Tego Calderón with Locos por Juana, Circo, and Beto Cuevas
Friday, April 11
Studio A, 60 NE 11th St., Miami.
Show starts at 8 p.m.; free with registration on MySpace
Ages 18+ with ID
The folks at Myspace are releasing a full bilingual version of their social networking site, dubbed Myspace Latino. To mark the occasion they are giving free concerts at various major cities around the country, beginning tonight at Studio A in Miami.
The lineup features reggaetón superstar Tego Calderón and the always-popular local favorites Locos Por Juana. As an added bonus, former La Ley frontman Beto Cuevas will be performing a “secret set” of his new solo material.
After 16 successful years with the megapopular rock en español band La Ley, Cuevas is taking a short break from the group to write songs for this ancitipated new project. In the meantime, he’s touring the states trying to fine-tune his new, solo style.
“My new songs are very different from what I did with La Ley,” says the 40-year-old Cuevas. “They have more of a rock and roll feel, and have a lot more energy.”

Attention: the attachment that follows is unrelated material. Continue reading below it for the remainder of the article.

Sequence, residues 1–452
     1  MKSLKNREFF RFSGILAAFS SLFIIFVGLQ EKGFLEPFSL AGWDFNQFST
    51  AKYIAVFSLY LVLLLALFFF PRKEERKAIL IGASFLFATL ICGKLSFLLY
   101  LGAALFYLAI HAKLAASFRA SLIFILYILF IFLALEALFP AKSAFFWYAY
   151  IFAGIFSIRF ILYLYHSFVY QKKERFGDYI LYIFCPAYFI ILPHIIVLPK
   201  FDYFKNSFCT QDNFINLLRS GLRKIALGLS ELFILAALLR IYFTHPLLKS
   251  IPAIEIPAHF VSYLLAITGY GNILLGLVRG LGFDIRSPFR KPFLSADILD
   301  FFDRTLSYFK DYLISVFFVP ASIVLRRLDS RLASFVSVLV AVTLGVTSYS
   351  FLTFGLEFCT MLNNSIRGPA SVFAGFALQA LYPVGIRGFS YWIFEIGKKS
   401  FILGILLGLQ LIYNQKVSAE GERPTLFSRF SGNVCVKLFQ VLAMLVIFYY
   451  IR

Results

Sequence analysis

Still, why leave a popular group like La Ley to pursue a solo career? “It felt good to take a break from the band," he says. “I was in La Ley for 16 years, playing music nonstop. Now I have a chance to start over, with new material and a new style.”
That sense of experimentation led him to work with house music visionaries Masters At Work, and resulted in the single “Loud,” a definitive stylistic departure. “I’m very proud of that song," Cuevas says. “It’s not part of my solo work, but I might sing it at the show. You never know what I’ m going to sing.”
As for his own Myspace page, Cuevas actually claims to use it. “These last few days I’ve been uploading pictures and answering some of the notes I get," he says. “Of course, I can’t answer every message that I get; it would take me years. I have people that help me update my page, but I’m always checking out what’s going on.”
With reggaetón, rock en español, and Latin jam, El Show Secreto will bring together genres that usually don't mix. Definitely expect a diverse crowd. -- Jose Dávila
Keep Miami New Times Free... Since we started Miami New Times, it has been defined as the free, independent voice of Miami, and we would like to keep it that way. Offering our readers free access to incisive coverage of local news, food and culture. Producing stories on everything from political scandals to the hottest new bands, with gutsy reporting, stylish writing, and staffers who've won everything from the Society of Professional Journalists' Sigma Delta Chi feature-writing award to the Casey Medal for Meritorious Journalism. But with local journalism's existence under siege and advertising revenue setbacks having a larger impact, it is important now more than ever for us to rally support behind funding our local journalism. You can help by participating in our "I Support" membership program, allowing us to keep covering Miami with no paywalls.